Documents - Consideration


Senator IAN MACDONALD (Queensland) (16:59): I am glad Senator Whish-Wilson raised this issue. It is an important issue. If his interpretation of the Auditor-General's report is correct then it is something the government should very closely look into, and I am sure the government will. I would be very interested to read the government's response to the Auditor-General's report. Senators may recall that, after years of doing nothing and six years of the Rudd-Gillard-Rudd Labor government, supported entirely by the Greens political party, there was no move at all to try to get foreign companies to pay the tax that they should pay in Australia. There was not one skerrick of movement from the Labor-Greens administration in six years. Fortunately, the government changed, and we had treasurers who seriously looked into these issues, who took a lead role in the G20 meeting in Brisbane and who started work on this on a worldwide basis—work that will help in not only Australia but many other developing countries experiencing the same sorts of problems. I give all credit to Mr Hockey, who was then the Treasurer, for the work he did in getting foreign multinational companies to pay their fair share of tax. The Greens and the Labor Party talked about it a lot but did not do one thing to address the problem. So I look forward to the government's response to the Auditor-General's report.

I also want to comment on Senator Whish-Wilson's throwaway line: Mr Morrison is just trying to get a few tens of millions of dollars—actually, it is hundreds of millions of dollars—from the foreign workers, the backpackers. I could never understand why Senator Whish-Wilson, Senator Lambie and the Labor Party seem to think that foreign workers should pay less tax than Australian workers. The great workers' party, the Australian Labor Party, want to charge backpackers 10½ per cent and Australians much more than that. We know that, at the 19 per cent rate proposed by the government, backpackers will still get a better deal working in Australia than they would get anywhere else.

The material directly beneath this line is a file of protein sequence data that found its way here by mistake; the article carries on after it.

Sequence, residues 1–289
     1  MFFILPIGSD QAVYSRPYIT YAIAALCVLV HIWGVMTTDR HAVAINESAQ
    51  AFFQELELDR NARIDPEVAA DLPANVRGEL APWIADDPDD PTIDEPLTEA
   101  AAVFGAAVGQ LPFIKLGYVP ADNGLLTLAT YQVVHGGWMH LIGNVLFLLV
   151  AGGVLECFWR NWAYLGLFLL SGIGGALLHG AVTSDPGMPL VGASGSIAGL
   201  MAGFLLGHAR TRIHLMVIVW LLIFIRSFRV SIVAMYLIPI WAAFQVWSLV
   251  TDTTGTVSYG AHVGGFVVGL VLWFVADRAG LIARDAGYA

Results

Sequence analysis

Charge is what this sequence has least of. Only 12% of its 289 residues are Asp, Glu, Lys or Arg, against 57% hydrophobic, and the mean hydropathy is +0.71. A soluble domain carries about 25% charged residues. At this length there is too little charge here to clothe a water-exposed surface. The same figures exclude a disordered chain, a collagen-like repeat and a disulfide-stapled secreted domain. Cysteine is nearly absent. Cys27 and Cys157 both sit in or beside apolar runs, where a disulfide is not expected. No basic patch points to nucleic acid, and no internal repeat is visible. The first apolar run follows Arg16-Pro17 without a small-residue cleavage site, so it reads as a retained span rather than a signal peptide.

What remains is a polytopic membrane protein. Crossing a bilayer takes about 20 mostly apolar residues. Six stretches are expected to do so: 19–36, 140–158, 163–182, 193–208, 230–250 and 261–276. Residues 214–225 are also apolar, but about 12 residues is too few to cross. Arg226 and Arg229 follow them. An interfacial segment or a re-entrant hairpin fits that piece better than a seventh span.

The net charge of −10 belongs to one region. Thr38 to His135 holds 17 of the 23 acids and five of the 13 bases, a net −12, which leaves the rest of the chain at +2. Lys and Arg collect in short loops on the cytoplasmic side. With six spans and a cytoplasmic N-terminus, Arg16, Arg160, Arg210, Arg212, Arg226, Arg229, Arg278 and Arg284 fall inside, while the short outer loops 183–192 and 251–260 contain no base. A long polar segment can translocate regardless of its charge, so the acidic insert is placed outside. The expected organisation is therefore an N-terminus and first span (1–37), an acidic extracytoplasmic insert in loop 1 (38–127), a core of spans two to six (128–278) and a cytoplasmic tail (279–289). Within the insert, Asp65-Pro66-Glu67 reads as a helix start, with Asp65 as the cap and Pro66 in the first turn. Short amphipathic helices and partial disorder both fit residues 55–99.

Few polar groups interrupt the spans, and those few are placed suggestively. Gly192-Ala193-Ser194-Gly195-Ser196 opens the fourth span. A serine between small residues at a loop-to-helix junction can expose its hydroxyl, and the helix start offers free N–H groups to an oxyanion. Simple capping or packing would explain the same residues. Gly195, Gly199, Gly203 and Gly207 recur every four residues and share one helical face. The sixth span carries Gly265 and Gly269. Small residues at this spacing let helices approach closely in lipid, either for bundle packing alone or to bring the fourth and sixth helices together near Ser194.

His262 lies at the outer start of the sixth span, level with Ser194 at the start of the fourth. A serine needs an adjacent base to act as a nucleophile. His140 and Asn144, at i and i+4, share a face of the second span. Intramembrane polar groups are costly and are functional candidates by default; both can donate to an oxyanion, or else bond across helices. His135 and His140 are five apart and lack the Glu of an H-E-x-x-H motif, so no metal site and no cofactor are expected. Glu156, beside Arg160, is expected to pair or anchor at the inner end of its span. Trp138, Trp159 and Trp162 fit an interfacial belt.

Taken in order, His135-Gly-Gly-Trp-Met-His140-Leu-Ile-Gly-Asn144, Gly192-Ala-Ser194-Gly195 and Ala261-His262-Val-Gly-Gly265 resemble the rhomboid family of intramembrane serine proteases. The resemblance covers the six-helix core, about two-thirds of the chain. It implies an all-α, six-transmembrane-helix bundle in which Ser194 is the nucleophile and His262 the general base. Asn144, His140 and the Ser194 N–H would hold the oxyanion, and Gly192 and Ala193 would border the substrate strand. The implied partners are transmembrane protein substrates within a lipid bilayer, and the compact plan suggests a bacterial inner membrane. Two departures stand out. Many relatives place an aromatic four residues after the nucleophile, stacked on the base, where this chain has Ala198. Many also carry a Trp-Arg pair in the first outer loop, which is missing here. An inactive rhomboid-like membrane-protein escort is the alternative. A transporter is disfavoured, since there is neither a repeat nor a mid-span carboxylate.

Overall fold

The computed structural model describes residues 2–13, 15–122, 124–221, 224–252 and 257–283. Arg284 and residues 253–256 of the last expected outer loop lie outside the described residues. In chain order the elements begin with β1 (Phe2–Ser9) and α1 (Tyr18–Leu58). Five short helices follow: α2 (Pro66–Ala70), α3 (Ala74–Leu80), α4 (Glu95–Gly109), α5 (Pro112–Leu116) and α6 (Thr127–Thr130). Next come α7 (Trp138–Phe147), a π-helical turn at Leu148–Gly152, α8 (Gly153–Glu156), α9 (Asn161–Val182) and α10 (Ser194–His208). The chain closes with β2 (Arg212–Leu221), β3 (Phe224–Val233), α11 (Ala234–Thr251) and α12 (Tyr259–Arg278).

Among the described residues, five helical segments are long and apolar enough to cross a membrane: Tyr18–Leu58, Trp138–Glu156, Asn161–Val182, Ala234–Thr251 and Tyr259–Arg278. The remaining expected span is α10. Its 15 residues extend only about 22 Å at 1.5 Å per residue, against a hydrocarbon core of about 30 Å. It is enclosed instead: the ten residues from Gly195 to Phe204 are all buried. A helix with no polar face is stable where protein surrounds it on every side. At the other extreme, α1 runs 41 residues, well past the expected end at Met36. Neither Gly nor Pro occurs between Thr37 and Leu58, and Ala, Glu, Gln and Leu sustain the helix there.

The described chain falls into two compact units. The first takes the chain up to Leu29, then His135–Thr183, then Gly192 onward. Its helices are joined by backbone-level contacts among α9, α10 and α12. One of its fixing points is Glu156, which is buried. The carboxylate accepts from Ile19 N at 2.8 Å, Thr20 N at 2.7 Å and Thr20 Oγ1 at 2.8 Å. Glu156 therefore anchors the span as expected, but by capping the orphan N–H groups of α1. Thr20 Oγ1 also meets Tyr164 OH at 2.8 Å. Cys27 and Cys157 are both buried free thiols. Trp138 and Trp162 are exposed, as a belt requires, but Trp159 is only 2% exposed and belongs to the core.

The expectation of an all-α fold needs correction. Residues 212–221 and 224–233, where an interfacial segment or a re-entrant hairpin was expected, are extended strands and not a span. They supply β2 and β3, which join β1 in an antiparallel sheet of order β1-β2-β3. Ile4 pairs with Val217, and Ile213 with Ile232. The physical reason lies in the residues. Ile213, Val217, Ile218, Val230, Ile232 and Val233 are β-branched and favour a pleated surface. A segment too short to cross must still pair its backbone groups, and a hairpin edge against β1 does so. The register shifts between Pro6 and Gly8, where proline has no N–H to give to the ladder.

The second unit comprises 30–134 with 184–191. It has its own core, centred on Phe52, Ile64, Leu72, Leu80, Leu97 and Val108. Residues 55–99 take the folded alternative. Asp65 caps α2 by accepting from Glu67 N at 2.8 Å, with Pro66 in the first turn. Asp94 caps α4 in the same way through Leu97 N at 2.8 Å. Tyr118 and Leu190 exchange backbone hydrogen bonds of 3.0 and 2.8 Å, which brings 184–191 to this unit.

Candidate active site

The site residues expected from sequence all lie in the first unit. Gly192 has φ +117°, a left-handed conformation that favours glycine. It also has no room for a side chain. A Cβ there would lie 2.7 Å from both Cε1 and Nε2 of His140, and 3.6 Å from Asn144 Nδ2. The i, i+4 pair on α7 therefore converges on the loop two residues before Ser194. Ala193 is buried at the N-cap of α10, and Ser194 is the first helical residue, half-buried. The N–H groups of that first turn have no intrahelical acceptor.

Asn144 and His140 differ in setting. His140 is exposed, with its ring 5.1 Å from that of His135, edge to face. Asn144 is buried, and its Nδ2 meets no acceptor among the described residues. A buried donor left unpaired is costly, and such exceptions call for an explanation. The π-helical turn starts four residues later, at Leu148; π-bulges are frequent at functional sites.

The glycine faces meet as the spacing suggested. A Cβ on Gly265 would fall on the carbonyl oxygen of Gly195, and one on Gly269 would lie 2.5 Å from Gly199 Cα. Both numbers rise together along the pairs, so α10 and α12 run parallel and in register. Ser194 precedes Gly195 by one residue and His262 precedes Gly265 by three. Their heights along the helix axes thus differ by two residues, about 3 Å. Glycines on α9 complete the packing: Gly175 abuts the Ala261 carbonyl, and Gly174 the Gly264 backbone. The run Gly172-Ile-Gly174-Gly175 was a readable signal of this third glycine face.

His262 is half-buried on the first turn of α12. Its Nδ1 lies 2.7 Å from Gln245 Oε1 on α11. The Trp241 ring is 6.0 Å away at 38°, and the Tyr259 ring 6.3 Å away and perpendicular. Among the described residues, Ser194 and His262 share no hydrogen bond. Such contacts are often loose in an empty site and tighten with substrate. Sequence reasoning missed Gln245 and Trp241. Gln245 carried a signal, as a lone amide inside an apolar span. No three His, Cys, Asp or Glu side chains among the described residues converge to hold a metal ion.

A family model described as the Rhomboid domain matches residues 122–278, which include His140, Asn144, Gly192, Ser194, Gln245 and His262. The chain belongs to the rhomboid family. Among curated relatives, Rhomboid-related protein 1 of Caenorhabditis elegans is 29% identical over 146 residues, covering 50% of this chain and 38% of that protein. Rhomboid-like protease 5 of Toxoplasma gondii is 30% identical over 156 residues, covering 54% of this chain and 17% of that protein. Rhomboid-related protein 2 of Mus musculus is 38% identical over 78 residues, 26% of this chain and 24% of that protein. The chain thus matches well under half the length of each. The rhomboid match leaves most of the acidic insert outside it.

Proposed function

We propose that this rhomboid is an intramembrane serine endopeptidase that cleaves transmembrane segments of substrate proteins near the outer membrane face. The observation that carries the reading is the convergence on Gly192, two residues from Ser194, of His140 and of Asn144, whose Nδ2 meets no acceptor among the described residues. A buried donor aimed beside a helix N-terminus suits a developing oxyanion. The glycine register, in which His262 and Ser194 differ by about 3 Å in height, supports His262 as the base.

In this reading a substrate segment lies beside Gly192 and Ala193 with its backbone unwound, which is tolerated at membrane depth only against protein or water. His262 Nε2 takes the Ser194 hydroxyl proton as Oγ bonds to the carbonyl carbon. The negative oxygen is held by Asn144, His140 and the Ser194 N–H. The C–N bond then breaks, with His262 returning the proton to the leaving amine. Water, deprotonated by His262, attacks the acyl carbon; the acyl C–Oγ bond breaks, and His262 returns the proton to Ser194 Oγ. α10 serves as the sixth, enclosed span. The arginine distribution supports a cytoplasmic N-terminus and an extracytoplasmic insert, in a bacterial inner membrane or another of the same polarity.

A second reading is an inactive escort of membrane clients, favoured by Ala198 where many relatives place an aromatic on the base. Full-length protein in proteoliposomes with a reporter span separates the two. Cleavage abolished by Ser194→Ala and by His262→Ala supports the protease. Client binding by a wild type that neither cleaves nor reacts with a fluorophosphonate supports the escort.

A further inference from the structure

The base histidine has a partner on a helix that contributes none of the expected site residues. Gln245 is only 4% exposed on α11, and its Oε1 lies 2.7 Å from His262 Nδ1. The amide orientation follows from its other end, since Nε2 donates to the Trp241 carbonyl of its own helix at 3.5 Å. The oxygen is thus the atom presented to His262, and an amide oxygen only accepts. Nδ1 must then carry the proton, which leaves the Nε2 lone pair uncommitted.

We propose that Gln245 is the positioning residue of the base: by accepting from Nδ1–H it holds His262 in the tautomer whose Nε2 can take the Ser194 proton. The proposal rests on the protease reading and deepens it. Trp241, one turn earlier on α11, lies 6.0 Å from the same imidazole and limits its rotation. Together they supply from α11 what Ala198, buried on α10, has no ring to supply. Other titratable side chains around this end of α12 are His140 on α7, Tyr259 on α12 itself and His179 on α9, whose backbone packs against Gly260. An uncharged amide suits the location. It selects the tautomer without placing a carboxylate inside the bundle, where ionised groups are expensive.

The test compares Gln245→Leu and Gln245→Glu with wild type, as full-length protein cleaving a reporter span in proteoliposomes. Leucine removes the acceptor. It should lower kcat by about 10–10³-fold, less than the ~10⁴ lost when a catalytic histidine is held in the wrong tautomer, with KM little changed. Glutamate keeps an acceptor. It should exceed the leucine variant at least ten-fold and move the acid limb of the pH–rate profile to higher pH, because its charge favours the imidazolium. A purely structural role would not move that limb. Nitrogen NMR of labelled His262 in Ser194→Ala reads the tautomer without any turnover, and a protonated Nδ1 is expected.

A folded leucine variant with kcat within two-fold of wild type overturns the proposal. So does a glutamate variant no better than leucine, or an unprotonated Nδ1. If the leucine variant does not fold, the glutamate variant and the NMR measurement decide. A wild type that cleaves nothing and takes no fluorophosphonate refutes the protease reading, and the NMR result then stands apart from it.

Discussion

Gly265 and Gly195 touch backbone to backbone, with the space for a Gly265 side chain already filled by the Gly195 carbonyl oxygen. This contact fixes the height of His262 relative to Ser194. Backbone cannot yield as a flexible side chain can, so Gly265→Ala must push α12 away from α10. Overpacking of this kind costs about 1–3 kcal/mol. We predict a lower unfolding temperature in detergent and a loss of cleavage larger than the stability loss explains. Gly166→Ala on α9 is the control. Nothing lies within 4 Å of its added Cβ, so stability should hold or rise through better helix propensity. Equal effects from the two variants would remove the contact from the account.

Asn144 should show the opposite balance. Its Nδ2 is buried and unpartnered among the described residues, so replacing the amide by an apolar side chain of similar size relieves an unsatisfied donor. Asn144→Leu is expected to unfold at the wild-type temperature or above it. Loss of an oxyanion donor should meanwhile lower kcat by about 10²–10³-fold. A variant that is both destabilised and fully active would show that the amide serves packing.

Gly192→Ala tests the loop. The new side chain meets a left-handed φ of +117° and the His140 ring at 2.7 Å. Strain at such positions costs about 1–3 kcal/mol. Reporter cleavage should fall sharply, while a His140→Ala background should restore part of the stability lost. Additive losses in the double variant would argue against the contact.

Senator Whish-Wilson's throwaway line is that Mr Morrison wants to get a few tens of millions of dollars. As I said, it is hundreds of millions of dollars. You know why we need that? You know why we need to look at the budget bottom line, Senator Whish-Wilson? It is because you supported the Labor Party, who ran up a debt approaching $700 billion, which means Australian taxpayers are paying something like $30 million a day in interest on money borrowed by the Labor-Greens government to fund their outrageously lavish projects in that six years of the Rudd-Gillard-Rudd government. When you say it is about trying to recoup a few tens of thousands dollars, we have to do that because—these figures just roll off everyone's tongue, even mine these days—it comes down to money that Australian taxpayers have to pay. They have to pay $30 million a day—$300 million a week—in interest on the money that was borrowed by the Labor-Greens government in those horrible six years.

That is why we have to try to address the budget problem. It is not just a problem of governments. I always say to people who ask me to get the government to give them some money: 'The government doesn't have any money. It just uses your money—taxpayers' money.' When we talk about paying $30 million a day in interest, it is not the government's money, it is the taxpayers of Australia who have to fork out that. Imagine what we could do with $300 million a week in new hospitals, new roads and new schools if we were not paying off the interest on Labor's debt to foreign lenders. While this is an important report, my final judgement will wait until I see the government response.

Question agreed to.

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